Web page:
Many modern shells also supply various features usually found only in more sophisticated general-purpose programming languages, such as control-flow constructs, variables, comments, arrays, subroutines, and so on. With these sorts of features available, it is possible to write reasonably sophisticated applications as shell scripts. However, they are still limited by the fact that most shell languages have little or no support for data typing systems, classes, threading, complex math, and other common full language features, and are also generally much slower than compiled code or interpreted languages written with speed as a performance goal.

Other scripting languages

Many powerful scripting languages have been introduced for tasks that are too large or complex to be comfortably handled with ordinary shell scripts, but for which the advantages of a script are desirable and the development overhead of a full-blown, compiled programming language would be disadvantageous. The specifics of what separates scripting languages from high-level programming languages is a frequent source of debate. But generally speaking a scripting language is one which requires an interpreter.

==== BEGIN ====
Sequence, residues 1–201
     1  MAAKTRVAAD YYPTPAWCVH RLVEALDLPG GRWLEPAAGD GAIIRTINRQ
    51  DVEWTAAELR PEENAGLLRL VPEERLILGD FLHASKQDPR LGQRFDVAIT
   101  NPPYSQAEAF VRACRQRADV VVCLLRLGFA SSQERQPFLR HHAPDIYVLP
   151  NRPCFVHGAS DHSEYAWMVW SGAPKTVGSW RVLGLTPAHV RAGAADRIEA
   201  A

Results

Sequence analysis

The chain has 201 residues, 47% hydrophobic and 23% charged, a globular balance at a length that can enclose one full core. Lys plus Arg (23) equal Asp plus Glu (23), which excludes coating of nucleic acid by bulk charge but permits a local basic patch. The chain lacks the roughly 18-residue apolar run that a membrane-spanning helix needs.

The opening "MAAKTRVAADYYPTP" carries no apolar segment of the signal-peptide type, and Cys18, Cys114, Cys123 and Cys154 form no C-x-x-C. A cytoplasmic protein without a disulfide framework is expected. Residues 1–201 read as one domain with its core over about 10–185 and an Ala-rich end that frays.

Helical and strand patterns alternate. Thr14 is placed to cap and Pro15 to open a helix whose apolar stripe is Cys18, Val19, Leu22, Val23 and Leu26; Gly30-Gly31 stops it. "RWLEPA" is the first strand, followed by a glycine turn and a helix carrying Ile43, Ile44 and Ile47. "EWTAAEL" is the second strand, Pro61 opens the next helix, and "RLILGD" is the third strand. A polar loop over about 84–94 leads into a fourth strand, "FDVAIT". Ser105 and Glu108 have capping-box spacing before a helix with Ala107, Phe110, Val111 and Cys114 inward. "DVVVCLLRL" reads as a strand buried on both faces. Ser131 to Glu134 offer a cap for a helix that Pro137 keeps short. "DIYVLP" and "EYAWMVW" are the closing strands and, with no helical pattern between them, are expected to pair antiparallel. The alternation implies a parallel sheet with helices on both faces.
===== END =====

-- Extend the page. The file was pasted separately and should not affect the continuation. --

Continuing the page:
Life cycle

Shell scripts often serve as an initial stage in software development, and are often subject to conversion later to a different underlying implementation, most commonly being converted to Perl, Python, or C. The interpreter directive allows the implementation detail to be fully hidden inside the script, rather than being exposed as a filename extension, and provides for seamless reimplementation in different languages with no impact on end users.

Advantages and disadvantages

Often, writing a shell script is much quicker than writing the equivalent code in other programming languages. The many advantages include easy program or file selection, quick start, and interactive debugging. A shell script can be used to provide a sequencing and decision-making linkage around existing programs, and for moderately-sized scripts the absence of a compilation step is an advantage. Interpretive running makes it easy to write debugging code into a script and re-run it to detect and fix bugs. Non-expert users can use scripting to tailor the behavior of programs, and shell scripting provides some limited scope for multiprocessing.